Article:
From The Brilliant Report: How To Give Good Feedback

Too often, however, the feedback we give (and get) is ineffectual or even counterproductive. 5 Research-Based Tips for Providing Students with Meaningful Feedback. In recent years, research has confirmed what most teachers already knew: providing students with meaningful feedback can greatly enhance learning and improve student achievement.

5 Research-Based Tips for Providing Students with Meaningful Feedback

Professor James Pennebaker from the University of Texas at Austin has been researching the benefits of frequent testing and the feedback it leads to. He explains that in the history of the study of learning, the role of feedback has always been central. When people are trying to learn new skills, they must get some information that tells them whether or not they are doing the right thing. Learning in the classroom is no exception. Both the mastery of content and, more importantly, the mastery of how to think require trial-and-error learning. The downside, of course, is that not all feedback is equally effective, and it can even be counterproductive, especially if it's presented in a solely negative or corrective way.

An ASCD Study Guide for How to Give Effective Feedback to Your Students. By Susan M.

An ASCD Study Guide for How to Give Effective Feedback to Your Students

Brookhart This ASCD Study Guide is designed to enhance your understanding and application of the information contained in How to Give Effective Feedback to Your Students, an ASCD book written by Susan M. Brookhart and published in September 2008. You can use the study guide before or after you have read the book, or as you finish each chapter. The study questions provided are not meant to cover all aspects of the book, but, rather, to address specific ideas that might warrant further reflection. Most of the questions contained in this study guide are ones you can think about on your own, but you might consider pairing with a colleague or forming a study group with others who have read (or are reading) How to Give Effective Feedback to Your Students.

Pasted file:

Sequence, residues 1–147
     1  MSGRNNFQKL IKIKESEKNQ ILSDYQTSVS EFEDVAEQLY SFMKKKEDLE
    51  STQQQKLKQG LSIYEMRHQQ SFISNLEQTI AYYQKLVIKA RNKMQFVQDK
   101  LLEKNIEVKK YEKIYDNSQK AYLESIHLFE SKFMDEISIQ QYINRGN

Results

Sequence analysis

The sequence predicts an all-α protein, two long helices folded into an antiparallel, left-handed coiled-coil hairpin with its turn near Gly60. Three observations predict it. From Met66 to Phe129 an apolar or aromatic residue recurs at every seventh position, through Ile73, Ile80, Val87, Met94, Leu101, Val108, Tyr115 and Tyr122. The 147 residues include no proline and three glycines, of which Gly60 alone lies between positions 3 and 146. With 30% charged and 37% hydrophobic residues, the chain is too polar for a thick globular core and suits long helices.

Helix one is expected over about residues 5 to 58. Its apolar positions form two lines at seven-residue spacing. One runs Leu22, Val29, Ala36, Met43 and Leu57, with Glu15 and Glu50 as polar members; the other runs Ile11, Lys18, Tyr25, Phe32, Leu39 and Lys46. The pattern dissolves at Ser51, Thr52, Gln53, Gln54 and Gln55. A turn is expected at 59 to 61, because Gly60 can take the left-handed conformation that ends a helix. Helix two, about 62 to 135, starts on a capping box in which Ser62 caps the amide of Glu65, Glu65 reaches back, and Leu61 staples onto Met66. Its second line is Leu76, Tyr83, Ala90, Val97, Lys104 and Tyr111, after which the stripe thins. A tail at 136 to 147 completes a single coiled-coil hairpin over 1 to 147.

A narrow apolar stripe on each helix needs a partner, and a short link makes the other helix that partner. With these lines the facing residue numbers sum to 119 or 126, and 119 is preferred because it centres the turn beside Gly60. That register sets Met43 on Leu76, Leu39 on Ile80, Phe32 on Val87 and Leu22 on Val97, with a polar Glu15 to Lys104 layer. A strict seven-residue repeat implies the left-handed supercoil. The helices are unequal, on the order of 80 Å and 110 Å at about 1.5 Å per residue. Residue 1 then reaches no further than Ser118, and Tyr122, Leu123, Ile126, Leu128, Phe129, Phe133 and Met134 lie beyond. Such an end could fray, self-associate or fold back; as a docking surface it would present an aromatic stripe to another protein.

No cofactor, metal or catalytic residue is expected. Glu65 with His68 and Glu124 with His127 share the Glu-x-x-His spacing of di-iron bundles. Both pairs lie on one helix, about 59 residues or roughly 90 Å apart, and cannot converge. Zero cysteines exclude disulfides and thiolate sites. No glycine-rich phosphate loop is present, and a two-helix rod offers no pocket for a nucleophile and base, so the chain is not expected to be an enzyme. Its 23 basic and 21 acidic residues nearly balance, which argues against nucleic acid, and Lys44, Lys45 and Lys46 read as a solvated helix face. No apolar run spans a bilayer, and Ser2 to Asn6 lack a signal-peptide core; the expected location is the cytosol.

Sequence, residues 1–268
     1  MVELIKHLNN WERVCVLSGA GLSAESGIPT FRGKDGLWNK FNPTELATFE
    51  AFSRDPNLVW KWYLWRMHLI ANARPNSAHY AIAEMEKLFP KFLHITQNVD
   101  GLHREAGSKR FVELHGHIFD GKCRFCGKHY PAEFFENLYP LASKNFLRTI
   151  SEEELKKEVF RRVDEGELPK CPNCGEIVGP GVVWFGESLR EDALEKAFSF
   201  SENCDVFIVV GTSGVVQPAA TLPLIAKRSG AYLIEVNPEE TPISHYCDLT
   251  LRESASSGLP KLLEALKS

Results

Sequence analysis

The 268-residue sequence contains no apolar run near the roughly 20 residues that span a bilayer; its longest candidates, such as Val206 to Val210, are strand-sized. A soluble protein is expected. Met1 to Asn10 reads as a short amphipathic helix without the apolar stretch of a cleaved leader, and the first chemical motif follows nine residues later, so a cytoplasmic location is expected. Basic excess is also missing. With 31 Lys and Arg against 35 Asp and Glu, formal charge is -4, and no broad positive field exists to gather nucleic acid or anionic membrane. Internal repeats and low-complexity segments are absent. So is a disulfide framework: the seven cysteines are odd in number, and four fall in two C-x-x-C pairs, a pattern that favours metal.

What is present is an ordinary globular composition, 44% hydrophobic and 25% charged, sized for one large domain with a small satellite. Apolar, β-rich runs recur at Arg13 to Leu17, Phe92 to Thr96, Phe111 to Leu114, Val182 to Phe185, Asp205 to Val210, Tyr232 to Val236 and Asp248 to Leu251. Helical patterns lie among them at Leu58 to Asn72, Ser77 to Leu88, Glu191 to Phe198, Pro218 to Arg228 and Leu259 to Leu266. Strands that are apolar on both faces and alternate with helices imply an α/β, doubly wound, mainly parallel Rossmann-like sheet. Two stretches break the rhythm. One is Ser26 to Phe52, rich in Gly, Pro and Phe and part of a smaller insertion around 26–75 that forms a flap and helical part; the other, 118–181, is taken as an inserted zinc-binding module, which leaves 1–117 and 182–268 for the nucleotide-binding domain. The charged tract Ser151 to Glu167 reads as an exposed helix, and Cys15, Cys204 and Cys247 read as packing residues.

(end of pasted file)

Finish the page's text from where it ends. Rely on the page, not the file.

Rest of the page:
Express 6.10 - Tips for New Teachers: Goodbye to "Good Job!"—The Power of Specific Feedback. Margaret Berry Wilson Your principal has come to your classroom to observe a lesson.

Express 6.10 - Tips for New Teachers: Goodbye to "Good Job!"—The Power of Specific Feedback

At the end of the lesson, she smiles, says "Good job! ," and leaves. After a moment's satisfaction, you begin wondering what she meant. 7 Key Characteristics Of Better Learning Feedback. 7 Key Characteristics Of Better Learning Feedback by Grant Wiggins, Authentic Education On May 26, 2015, Grant Wiggins passed away.

20 Ways To Provide Effective Feedback For Learning - 20 Ways To Provide Effective Feedback For Learning by Laura Reynolds While assessment gets all the press, it is feedback for learning that can transform a student’s learning.

20 Ways To Provide Effective Feedback For Learning -

When feedback is predominately negative, studies have shown that it can discourage student effort and achievement (Hattie & Timperley, 2007, Dinham). Like my experience, the only thing I knew is that I hated public speaking and I would do anything possible to get out of it. As a teacher, most of the time it is easy to give encouraging, positive feedback. Understanding Learning Feedback For Better Teaching. 20 Ways To Provide Effective Feedback For Learning -